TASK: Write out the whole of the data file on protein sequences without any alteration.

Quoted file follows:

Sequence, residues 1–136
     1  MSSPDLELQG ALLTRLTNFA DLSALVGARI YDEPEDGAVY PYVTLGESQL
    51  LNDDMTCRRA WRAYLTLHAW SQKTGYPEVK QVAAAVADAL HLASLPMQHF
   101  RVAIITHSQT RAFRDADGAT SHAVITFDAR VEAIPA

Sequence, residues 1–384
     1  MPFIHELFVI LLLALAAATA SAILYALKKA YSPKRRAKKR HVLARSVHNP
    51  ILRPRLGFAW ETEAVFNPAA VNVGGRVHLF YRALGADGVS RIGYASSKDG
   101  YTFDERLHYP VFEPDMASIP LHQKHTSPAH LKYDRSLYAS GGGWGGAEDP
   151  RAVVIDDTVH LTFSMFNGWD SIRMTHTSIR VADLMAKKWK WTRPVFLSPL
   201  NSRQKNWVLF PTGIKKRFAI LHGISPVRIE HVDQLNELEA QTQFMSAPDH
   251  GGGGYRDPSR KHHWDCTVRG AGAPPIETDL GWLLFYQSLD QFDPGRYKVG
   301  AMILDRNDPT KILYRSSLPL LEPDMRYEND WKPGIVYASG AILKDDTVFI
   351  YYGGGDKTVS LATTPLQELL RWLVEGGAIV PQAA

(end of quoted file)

Sequence, residues 1–136
     1  MSSPDLELQG ALLTRLTNFA DLSALVGARI YDEPEDGAVY PYVTLGESQL
    51  LNDDMTCRRA WRAYLTLHAW SQKTGYPEVK QVAAAVADAL HLASLPMQHF
   101  RVAIITHSQT RAFRDADGAT SHAVITFDAR VEAIPA

Sequence, residues 1–384
     1  MPFIHELFVI LLLALAAATA SAILYALKKA YSPKRRAKKR HVLARSVHNP
    51  ILRPRLGFAW ETEAVFNPAA VNVGGRVHLF YRALGADGVS RIGYASSKDG
   101  YTFDERLHYP VFEPDMASIP LHQKHTSPAH LKYDRSLYAS GGGWGGAEDP
   151  RAVVIDDTVH LTFSMFNGWD SIRMTHTSIR VADLMAKKWK WTRPVFLSPL
   201  NSRQKNWVLF PTGIKKRFAI LHGISPVRIE HVDQLNELEA QTQFMSAPDH
   251  GGGGYRDPSR KHHWDCTVRG AGAPPIETDL GWLLFYQSLD QFDPGRYKVG
   301  AMILDRNDPT KILYRSSLPL LEPDMRYEND WKPGIVYASG AILKDDTVFI
   351  YYGGGDKTVS LATTPLQELL RWLVEGGAIV PQAA